One of the oldest and most prolific blogs about blogging: http://www.copyblogger.com/blog/

General online marketing

Here’s a graphic to help you see all the possibilities for online marketing and organize your thinking: http://assets.unbounce.com/s/images/noob-guide-to-marketing-infographic-1800.png

Some basics on online marketing: http://counsellingresource.com/lib/practice/internet-marketing/

Some webinars if you like to watch those: http://www.hallme.com/archived-webinars.php

Social Media Marketing

Some tips on how to embrace social media and the latest changes in Google to your advantage: http://www.psychotherapynetworker.org/magazine/recentissues/2012-mayjune/item/1708-in-consultation

A psychotherapist’s guide to Facebook and Twitter: Why clinicians should give a tweet – http://www.psychotherapy.net/article/psychotherapists-guide-social-media

Dr. Keely Kolmes’ private practice social media policy – http://www.drkkolmes.com/docs/socmed.pdf

Online business models

You might want to write a business plan. Here’s a template:

http://www.copyblogger.com/smart-people-business-plan/

I don’t know of anyone better at it and who produces better content on running a business online than Pat at Smart Passive Income. His podcast is super-popular, interesting, and very relevant: http://www.smartpassiveincome.com/

Pay-per-click advertising (PPC)

 

Really the only place you need to advertise is with google adwords. It’s not too hard to set up a basic account, set a budget and try it out. Here are some ideas on how to do that: http://adwords.google.com/select/Login

Adwords for therapists: http://www.uncommonpractices.com/adwords.html

Optimizing quality score: http://www.redflymarketing.com/blog/how-to-improve-quality-score-the-ultimate-guide/

Newsletters

Before putting your efforts into blogging, first create a following with an email list to directly connect with local, potential clients in a more direct way

http://uncommonpractices.wordpress.com/2009/04/22/why-blogging-is-a-waste-of-time-for-private-practitioners/

http://www.smartpassiveincome.com/email-list-strategies/

I like Mailchimp because the interface is very simplified and you are able to get a feel for creating and using newsletters for marketing your business without having to invest right from the start.  Your account is free as long as you have less than 2,000 subscribers and you send less than 12,000 emails per month.

http://mailchimp.com/

Other popular services include:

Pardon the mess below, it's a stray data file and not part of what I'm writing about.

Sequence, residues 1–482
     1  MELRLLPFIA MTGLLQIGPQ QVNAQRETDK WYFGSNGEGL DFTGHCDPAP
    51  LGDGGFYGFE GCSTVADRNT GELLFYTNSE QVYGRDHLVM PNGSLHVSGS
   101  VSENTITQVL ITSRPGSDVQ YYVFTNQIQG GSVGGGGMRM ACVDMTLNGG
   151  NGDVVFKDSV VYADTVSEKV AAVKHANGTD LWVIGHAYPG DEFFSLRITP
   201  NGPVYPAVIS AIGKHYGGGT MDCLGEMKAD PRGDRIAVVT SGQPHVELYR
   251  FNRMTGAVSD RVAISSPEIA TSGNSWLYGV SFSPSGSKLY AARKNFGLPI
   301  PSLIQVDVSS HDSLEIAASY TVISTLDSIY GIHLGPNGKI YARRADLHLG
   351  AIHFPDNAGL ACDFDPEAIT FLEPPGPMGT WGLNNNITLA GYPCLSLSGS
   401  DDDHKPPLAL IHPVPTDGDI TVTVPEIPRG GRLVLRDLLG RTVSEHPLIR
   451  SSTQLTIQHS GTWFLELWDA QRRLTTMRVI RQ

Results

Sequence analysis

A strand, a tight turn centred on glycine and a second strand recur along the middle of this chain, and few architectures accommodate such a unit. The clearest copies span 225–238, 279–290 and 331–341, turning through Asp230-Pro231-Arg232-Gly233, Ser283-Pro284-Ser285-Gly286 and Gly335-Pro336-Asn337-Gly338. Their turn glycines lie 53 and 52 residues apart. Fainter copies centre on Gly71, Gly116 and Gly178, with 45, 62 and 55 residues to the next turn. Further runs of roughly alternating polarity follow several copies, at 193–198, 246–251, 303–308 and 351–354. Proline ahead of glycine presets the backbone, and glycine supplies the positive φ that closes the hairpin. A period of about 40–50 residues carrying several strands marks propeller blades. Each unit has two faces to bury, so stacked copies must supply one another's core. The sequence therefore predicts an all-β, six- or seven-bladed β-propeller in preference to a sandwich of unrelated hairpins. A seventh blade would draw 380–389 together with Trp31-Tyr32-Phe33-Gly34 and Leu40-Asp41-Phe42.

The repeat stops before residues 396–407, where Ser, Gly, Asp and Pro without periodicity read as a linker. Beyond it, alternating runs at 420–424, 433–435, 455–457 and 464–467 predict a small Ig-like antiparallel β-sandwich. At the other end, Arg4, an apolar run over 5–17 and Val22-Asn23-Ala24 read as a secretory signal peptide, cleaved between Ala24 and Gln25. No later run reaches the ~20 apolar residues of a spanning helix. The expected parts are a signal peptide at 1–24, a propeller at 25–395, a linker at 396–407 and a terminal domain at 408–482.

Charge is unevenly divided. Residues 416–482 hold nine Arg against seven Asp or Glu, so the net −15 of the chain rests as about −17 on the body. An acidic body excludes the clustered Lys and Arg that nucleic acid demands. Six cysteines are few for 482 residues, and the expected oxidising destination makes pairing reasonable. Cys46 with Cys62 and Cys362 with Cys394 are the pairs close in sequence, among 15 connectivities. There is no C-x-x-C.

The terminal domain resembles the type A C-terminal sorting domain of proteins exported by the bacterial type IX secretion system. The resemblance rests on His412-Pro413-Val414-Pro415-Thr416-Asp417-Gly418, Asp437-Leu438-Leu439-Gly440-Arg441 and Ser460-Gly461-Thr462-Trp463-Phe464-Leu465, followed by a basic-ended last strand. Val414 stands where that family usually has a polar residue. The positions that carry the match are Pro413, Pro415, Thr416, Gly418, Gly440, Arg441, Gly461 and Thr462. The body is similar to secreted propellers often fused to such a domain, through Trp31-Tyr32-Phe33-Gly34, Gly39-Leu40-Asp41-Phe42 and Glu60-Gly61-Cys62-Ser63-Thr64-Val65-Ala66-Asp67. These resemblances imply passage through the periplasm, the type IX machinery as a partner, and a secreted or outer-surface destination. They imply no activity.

http://www.aweber.com/

http://www.constantcontact.com/

Face-to-face networking

My favorite book on this topic is: Never Eat Alone

And if you are looking to improve your social skills, speaking abilities, and ability to just interact with others and make conversation, I don’t know a better place than Toastmasters, which I have been a member of for years. To find a meeting near you: http://reports.toastmasters.org/findaclub/

See if there is a meetup group in your area either of therapists or other professionals in your area of interest.

Finding your passion

And Don’t do any of these things if it doesn’t align with your passion: http://zenhabits.net/the-short-but-powerful-guide-to-finding-your-passion/

Team Up

Check with your state’s psychological association to see if they have any events scheduled to learn more about marketing.

See if you can find a “practice buddy” — another local mental health practitioner who has similar goals and who can meet with you to brainstorm ideas regarding seminars, networking groups to attend, accessing each other’s networks, and setting goals for putting these tips to work.

Do you have favorites? Send me a message about those and I’ll check them out. Who knows, maybe they’ll make it onto the list.

UPCOMING TRAINING EVENTS

April 17 and 18, 2020, 9:15 am – 5:00 pm · Portland, OR · Details

Do you ever “get stuck” as a therapist? Do some of your clients press your “hot buttons”? Do you ever find yourself struggling and thinking about “what do I do next” or feeling anxious, scared or stressed in therapy? In this workshop we will work on clarifying your therapist values and defining what is “difficult” about “difficult” clients. Through discussions, demonstrations and roleplays we will then work on these difficult clients and look at the processes from a compassionate ACT perspective. Read more